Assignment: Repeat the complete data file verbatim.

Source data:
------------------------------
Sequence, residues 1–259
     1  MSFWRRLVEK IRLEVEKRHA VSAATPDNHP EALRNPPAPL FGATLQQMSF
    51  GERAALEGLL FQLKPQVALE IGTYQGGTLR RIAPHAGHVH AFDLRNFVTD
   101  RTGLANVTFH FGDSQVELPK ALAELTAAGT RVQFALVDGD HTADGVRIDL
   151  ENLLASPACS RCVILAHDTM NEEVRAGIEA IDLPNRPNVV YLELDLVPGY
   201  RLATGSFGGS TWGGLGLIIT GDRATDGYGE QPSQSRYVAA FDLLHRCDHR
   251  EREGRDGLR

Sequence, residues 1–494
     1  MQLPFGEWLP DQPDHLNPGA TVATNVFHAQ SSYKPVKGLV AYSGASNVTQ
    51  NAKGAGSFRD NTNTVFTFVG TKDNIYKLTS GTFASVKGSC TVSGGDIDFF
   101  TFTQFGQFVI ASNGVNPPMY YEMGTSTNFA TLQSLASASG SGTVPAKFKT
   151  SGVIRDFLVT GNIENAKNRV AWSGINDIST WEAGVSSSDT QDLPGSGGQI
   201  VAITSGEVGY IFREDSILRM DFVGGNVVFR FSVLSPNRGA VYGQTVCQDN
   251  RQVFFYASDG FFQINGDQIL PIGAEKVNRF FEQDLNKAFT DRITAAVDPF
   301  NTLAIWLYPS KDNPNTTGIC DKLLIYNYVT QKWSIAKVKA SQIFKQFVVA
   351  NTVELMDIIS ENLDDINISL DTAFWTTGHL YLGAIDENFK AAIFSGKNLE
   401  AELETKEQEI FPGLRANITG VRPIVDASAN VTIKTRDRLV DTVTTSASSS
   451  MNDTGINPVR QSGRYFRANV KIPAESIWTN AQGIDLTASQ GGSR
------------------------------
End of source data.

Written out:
Sequence, residues 1–259
     1  MSFWRRLVEK IRLEVEKRHA VSAATPDNHP EALRNPPAPL FGATLQQMSF
    51  GERAALEGLL FQLKPQVALE IGTYQGGTLR RIAPHAGHVH AFDLRNFVTD
   101  RTGLANVTFH FGDSQVELPK ALAELTAAGT RVQFALVDGD HTADGVRIDL
   151  ENLLASPACS RCVILAHDTM NEEVRAGIEA IDLPNRPNVV YLELDLVPGY
   201  RLATGSFGGS TWGGLGLIIT GDRATDGYGE QPSQSRYVAA FDLLHRCDHR
   251  EREGRDGLR

Sequence, residues 1–494
     1  MQLPFGEWLP DQPDHLNPGA TVATNVFHAQ SSYKPVKGLV AYSGASNVTQ
    51  NAKGAGSFRD NTNTVFTFVG TKDNIYKLTS GTFASVKGSC TVSGGDIDFF
   101  TFTQFGQFVI ASNGVNPPMY YEMGTSTNFA TLQSLASASG SGTVPAKFKT
   151  SGVIRDFLVT GNIENAKNRV AWSGINDIST WEAGVSSSDT QDLPGSGGQI
   201  VAITSGEVGY IFREDSILRM DFVGGNVVFR FSVLSPNRGA VYGQTVCQDN
   251  RQVFFYASDG FFQINGDQIL PIGAEKVNRF FEQDLNKAFT DRITAAVDPF
   301  NTLAIWLYPS KDNPNTTGIC DKLLIYNYVT QKWSIAKVKA SQIFKQFVVA
   351  NTVELMDIIS ENLDDINISL DTAFWTTGHL YLGAIDENFK AAIFSGKNLE
   401  AELETKEQEI FPGLRANITG VRPIVDASAN VTIKTRDRLV DTVTTSASSS
   451  MNDTGINPVR QSGRYFRANV KIPAESIWTN AQGIDLTASQ GGSR